Action is integral to PYP. Here in Mentari School Jakarta, we have plenty of grandiose events we are proud of. From small actions in the classroom, where children made good choices about how they behave with each other, to large scale projects that happen after intense learning and leave a deep impression on children.
The most important part of PYP action is daily classroom practice although this is not always made explicit. Nevertheless the power also comes in encouraging good daily choices to turn into daily actions. Smaller everyday actions can provide ongoing reflection and develop in depth pattern of thought and action.
Living the IB learner profile and PYP attitudes gives a clear idea of the morally articulate and ethical people who should arise from IB schools. They are caring and thoughtful about the world. Also because values and thoughts are not taught in separate lessons but with a coherent and integrated approach.
Action in PYP has three components: choose, act, reflect. Students choose an action, actually do it and reflect on its efficacy. This reflection may lead a new choices and the cycle begins again.
It is important that children learn to make good choices, to think for themselves and take responsibility in a realistic way that is age appropriate. Actions can have enduring impact when they affect a student’s inner conviction which requires genuine choice and genuine responsibility.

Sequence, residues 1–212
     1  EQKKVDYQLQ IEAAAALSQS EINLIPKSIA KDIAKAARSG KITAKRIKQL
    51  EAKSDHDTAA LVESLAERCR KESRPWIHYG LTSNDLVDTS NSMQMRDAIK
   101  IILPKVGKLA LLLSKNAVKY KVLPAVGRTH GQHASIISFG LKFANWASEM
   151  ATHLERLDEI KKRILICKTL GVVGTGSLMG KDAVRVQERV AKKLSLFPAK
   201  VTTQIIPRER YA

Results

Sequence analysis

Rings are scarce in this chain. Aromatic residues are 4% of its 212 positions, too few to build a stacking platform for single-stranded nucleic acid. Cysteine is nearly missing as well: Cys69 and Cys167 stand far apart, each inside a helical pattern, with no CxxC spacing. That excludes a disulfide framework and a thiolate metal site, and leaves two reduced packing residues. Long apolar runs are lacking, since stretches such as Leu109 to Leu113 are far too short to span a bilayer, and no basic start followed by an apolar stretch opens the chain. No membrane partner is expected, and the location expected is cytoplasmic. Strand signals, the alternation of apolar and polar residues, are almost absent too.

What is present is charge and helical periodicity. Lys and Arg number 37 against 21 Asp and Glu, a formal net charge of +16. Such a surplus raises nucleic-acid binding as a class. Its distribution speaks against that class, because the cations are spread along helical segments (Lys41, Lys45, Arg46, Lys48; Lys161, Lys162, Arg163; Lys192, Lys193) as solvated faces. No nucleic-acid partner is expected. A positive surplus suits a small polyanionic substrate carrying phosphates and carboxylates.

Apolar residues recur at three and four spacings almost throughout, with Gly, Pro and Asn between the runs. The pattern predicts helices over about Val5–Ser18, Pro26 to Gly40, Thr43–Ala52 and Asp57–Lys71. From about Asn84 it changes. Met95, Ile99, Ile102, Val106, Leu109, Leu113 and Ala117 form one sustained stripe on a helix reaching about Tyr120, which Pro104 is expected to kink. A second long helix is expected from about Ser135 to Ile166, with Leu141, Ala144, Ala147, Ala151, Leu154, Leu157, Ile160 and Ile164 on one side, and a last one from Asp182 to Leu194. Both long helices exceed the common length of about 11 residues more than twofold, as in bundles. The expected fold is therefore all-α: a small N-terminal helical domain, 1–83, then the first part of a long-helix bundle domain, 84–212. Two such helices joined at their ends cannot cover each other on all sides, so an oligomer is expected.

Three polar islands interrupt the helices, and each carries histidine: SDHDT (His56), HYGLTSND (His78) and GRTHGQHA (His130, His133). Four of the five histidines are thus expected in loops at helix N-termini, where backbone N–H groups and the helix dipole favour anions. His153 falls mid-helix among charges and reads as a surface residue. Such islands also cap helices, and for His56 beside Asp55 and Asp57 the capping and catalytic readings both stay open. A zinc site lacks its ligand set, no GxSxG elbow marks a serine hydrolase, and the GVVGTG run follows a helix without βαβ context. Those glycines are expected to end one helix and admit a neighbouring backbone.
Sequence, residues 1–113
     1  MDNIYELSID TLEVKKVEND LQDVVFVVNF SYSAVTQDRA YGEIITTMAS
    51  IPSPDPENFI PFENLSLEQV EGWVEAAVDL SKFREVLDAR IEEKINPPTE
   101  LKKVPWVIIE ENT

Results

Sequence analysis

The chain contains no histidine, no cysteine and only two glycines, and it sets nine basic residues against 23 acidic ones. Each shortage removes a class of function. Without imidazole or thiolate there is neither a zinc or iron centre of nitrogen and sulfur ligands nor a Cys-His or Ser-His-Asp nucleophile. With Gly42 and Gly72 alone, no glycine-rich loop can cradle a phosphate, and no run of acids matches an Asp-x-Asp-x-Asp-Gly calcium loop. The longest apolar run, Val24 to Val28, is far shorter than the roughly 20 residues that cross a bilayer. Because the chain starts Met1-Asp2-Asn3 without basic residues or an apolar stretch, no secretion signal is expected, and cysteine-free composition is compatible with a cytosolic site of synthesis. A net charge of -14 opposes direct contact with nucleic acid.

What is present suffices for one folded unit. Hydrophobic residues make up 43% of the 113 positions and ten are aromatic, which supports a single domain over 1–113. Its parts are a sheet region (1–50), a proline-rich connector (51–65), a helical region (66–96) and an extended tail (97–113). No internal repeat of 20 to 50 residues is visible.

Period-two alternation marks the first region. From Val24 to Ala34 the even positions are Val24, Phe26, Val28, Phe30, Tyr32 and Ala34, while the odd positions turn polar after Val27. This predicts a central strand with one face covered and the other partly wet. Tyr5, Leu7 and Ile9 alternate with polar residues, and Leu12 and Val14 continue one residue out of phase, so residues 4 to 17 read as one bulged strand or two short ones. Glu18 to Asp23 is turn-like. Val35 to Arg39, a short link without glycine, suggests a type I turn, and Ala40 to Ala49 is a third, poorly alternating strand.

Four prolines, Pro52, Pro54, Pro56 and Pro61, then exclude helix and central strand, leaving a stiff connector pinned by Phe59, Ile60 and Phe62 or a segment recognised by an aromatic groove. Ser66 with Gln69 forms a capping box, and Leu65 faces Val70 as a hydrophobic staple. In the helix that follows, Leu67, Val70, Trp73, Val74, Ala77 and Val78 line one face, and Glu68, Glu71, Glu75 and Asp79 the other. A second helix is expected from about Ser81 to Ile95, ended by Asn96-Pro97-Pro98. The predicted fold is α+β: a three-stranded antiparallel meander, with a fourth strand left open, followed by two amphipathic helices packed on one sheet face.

Actions therefore help develop students’ personality. Big actions can be time consuming but they can be also rich learning experiences for many children. Everyday actions can be carried out regularly. Even the smallest of choices can be powerful in developing habits of making thoughtful choices, and sustaining to carry them out over a period of time.
When big and small actions are combined with any programme of inquiry, it develops students who are emphathic to global problems to become global citizens.
Small, everyday actions can happen at home too. This is a good point for parent involvement. Here is MSJ, we let parents report to us action that they notice at home. That action is not only recognised and applauded but acknowledged across school. This is done by putting up visual examples of students action on the school board that says, “Mentari Takes Action”. Action gets contagious this way and children are making good choices not only at school but also at home.
Mentari School Jakarta
There are multiple ways you can integrate art into your unit of inquiry. You can incorporate it as an expression of human creativity and imagination, or as a form of communication. The latter is the method used in my school’s Program of Inquiry in our ‘How We Express Ourselves’ unit in Year 4.